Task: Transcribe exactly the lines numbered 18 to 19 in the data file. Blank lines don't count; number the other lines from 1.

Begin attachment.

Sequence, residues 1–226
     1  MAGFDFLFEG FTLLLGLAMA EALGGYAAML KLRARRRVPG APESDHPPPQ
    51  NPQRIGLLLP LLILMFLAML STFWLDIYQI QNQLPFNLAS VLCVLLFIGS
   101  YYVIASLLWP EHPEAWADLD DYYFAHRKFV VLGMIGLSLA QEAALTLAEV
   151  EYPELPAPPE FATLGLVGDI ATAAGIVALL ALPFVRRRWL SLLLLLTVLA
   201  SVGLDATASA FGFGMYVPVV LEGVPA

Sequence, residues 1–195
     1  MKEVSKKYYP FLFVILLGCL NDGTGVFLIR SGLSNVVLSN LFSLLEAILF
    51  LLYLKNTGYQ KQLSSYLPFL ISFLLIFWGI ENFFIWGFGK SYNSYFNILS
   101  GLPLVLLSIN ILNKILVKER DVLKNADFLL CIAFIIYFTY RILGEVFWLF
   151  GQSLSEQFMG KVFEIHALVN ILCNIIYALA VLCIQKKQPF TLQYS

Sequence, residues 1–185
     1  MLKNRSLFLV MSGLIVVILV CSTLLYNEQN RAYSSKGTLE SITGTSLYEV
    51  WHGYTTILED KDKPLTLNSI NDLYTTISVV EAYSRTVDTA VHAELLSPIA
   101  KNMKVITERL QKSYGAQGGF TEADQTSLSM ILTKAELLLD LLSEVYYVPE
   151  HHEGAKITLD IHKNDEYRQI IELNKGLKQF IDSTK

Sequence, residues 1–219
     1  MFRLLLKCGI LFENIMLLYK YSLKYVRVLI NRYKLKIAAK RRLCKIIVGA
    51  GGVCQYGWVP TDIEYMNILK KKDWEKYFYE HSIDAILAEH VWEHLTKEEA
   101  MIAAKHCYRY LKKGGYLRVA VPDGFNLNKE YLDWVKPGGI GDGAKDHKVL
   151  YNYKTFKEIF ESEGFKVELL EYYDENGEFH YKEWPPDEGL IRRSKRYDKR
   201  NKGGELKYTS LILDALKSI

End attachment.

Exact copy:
     1  MFRLLLKCGI LFENIMLLYK YSLKYVRVLI NRYKLKIAAK RRLCKIIVGA
    51  GGVCQYGWVP TDIEYMNILK KKDWEKYFYE HSIDAILAEH VWEHLTKEEA